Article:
Bread baked from the heart
And the pizza bread, priced at 1,500 won, has ham, sliced cheese, onions, carrots and pickles between two slices of bread, with tomato sauce, mozzarella cheese and pickles on top. It is just big enough to be satisfying. These are just some of the options at Maman, a bakery and cafe in Sanseong-dong, Seongnam, Gyeonggi.
But unlike what the name suggests - Maman is French for mama - the shop is operated by 25 Korean elderly, who each receive a minimum wage of 5,210 won per hour. The youngest of them is 62 years old, while the most senior is 81.
And although Maman’s bread is cheap, the store’s annual sales total more than 300 million won.
Earlier this month, Maman was off to a busy start as usual. When the phone rang, 67-year-old Shim Soon-sik, wearing a red cap, picked up, “Cafe Maman.”
“Eighty-one cheese muffins by 1 p.m. on the 29th. Thank you,” she replies to an order from a nearby nursery.
In the kitchen, nine huge ovens hummed, busily baking pizza bread, muffins and breads to just the right shade of golden brown. The white board on the wall was covered with booked orders until Aug. 23.
Maman opened in August 2005 on the second floor of a senior community center next to Sujung Senior Welfare Center, in a residential area at Sanseong-dong. The social workers there wanted to “give the elders a place to work,” so 12 grandmothers participated in the baking lesson.
Things weren’t so smooth in the beginning. There were few customers who would make trips to the bakery, located on the corner in a residential area, and for the first four months, sales were only a few million won.
So the grandmothers decided to take their bread to the streets. Kwon Guk-ji, 73, one of the original members, admitted, “It was [like] jumping out to start sales after living my entire life as a housewife. There was this strong feeling that we needed to save our bakery.”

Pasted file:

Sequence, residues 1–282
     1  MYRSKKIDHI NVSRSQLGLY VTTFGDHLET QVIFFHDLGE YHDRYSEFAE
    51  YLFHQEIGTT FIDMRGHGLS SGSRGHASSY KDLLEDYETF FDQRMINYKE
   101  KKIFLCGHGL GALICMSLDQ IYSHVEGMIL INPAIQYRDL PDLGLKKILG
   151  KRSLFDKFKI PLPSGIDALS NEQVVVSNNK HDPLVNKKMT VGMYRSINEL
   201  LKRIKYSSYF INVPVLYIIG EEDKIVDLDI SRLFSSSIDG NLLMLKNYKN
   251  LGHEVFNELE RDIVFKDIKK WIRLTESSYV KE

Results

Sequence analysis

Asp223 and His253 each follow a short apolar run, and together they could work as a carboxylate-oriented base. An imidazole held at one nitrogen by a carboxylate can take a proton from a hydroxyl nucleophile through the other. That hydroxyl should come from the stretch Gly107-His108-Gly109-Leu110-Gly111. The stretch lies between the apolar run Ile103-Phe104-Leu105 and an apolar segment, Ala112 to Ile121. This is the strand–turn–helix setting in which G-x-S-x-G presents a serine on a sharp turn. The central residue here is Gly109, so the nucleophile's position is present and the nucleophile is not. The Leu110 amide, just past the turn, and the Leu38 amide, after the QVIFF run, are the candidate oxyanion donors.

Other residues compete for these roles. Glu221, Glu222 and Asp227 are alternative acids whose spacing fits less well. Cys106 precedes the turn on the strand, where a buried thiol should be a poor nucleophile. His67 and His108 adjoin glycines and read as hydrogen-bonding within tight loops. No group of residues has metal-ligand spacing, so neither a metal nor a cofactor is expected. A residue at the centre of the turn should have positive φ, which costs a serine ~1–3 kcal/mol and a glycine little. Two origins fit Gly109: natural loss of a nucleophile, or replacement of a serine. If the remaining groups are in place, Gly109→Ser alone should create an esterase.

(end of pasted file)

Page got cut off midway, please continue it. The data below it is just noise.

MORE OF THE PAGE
So the grandmothers opened tasting events at schools and nurseries and took orders. They also recruited a young baker from Seoul as the team’s manager.
Word spread that Maman’s bread was “made by grandmas who spared no ingredients, as if making food for their grandchildren,” and soon the regulars - nurseries and kindergartens included - gradually increased.
Some state-owned companies and nearby churches even provided contracts for a yearlong supply. “It’s [healthy], and I [can] treat my 4-year-old daughter with no concerns,” said Kang Eun-joo, 34, a Maman regular.
By 2009, just four years after the bakery opened, annual sales hit 100 million won. Now, it makes more than 300 million won and its number of workers has increased to 25.
Fourteen grandmothers make up the production team, while eight are on the cafe team. Two grandfathers comprise the delivery team and another grandmother takes care of customer management. Roh Ki-oh, 65, who is in charge of customer management, had previous experience managing customers at a department store, and seven out of eight cafe team members have barista certificates.
“I wanted to work because I didn’t want to leave my healthy body idle, but I never imagined I’d get a barista certificate,” said Lee Sook-yi, 67. Two grandfathers who manage deliveries come in at 7 a.m. and deliver bread to more than 20 venues each day. “Now that I’ve started working, I think I’m healthier than back when I played table tennis at the senior welfare center in an effort to exercise,” said Kim Heung-soo, 70.
Maman also gives back to the community. It supplies 1,000 soboro buns and 1,000 sweet red bean buns twice every month to a nearby soup kitchen. The bakery also gave more than 10 million won in scholarships to college students last year.
Its success has also been recognized by both the city and the government. In 2012, Seongnam opened a second Maman near Moran Station on the subway line No. 8, and earlier this month, Maman received 30 million won from the Ministry of Health and Welfare, which recognized the store as an outstanding institution for senior employment.
BY YOON HO-JIN [firstname.lastname@example.org]
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